• 10:50

    CHRISTIAN ARNOLD [continued]: will be woven together even more in these days.[Why should social scientists work with big data and datascience methods?]I really, really believe that theseare exciting times for social scientists.For the first time in human history

  • 11:10

    CHRISTIAN ARNOLD [continued]: I'll be collecting data about humansat a scale that is really incomprehensible.And this has a lot of promises, but also a lot of dangers.I mean, I'm German.And think of the stars in East Germany having datathat Facebook or Twitter are collecting about individuals.

  • 11:31

    CHRISTIAN ARNOLD [continued]: And they would have dreamt that kind of situation.Nobody guarantees that we are doinggood with that massive amount of data that we're collecting.So far we are just beginning to understand how to use that dataand how to understand societies of their dataand how all that even transforms societies.Think of how Twitter has transformed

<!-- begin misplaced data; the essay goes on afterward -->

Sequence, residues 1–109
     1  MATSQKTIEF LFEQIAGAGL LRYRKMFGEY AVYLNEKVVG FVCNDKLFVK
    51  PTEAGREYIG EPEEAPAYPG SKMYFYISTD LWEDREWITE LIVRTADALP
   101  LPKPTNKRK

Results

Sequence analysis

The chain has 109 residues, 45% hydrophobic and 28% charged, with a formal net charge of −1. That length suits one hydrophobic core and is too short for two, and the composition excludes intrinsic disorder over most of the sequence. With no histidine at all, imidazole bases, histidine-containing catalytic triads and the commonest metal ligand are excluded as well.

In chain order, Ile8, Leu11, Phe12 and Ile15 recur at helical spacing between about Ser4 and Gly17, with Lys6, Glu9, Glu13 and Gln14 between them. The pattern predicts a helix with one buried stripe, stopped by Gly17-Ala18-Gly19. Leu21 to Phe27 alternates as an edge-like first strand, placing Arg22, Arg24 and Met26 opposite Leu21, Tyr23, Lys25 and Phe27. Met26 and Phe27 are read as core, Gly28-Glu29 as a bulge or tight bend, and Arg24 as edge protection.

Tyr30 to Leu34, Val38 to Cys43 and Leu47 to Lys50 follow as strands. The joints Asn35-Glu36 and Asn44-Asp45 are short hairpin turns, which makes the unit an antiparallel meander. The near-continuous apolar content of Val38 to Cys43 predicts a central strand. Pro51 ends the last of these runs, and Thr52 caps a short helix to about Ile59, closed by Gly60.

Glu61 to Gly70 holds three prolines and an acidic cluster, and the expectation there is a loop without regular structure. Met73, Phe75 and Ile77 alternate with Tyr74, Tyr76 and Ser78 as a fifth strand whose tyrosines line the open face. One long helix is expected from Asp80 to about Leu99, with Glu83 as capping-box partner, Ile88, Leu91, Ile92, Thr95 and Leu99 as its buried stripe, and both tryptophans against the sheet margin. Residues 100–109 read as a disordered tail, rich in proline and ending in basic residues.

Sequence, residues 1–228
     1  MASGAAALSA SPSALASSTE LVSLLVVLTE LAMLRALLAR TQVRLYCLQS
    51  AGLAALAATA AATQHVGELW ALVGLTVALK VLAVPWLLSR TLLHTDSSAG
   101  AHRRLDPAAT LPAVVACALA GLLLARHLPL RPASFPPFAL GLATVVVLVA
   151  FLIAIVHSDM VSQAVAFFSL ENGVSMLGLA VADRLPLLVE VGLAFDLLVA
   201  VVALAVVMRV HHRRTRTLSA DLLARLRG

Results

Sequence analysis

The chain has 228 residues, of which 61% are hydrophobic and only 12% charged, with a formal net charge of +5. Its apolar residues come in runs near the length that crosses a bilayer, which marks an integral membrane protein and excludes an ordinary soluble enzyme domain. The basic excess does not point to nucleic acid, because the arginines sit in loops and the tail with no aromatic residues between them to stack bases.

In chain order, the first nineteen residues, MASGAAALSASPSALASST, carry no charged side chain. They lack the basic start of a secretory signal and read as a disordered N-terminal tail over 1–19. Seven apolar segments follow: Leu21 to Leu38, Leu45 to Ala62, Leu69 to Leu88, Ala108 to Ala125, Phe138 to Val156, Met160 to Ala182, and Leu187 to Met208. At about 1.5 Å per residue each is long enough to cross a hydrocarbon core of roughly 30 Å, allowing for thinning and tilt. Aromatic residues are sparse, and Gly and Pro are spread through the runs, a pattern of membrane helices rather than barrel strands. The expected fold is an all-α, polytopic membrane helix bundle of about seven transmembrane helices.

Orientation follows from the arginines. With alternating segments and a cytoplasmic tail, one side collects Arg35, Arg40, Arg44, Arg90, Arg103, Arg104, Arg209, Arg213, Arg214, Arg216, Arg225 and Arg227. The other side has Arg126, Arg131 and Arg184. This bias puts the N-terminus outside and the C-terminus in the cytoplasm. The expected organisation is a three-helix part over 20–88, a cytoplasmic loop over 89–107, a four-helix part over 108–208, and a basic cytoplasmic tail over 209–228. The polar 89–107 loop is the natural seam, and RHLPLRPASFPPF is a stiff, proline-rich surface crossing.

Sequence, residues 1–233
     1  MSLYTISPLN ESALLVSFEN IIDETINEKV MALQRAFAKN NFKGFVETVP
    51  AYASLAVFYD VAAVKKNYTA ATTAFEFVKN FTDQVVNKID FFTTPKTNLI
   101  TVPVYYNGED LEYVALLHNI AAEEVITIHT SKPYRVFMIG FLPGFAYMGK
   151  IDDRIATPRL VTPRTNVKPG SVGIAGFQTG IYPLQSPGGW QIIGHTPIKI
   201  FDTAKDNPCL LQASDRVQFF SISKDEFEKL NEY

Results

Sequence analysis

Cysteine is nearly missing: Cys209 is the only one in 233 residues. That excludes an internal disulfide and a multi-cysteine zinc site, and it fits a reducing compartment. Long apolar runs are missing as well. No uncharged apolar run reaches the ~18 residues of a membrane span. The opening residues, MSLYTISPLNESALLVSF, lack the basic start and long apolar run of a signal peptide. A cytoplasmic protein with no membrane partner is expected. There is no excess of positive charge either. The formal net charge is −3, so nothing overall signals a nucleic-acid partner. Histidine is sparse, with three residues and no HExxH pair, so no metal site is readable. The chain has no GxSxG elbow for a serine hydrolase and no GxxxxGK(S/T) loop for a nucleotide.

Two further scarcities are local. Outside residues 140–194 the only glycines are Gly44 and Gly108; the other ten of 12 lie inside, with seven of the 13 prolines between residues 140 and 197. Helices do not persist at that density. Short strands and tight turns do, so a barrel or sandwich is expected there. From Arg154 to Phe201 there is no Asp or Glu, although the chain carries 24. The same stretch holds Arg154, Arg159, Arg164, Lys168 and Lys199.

• 11:52

    CHRISTIAN ARNOLD [continued]: the landscape of elections in the last couple of years.So there is a lot of stuff going on.So I think if you wanted ever to become a computer risesocial scientist, a computational social scientist,that's the time to do it.And it's super exciting.It's heaps of opportunities for research.

  • 12:14

    CHRISTIAN ARNOLD [continued]: And at the same time, it's very importantthat we as social scientists actuallyturn to these questions, because only we as social scientistscan answer questions about how societies are working, how theyshould work, how they are being governed,how they should be governed.And that against this whole new backdrop of collecting

  • 12:36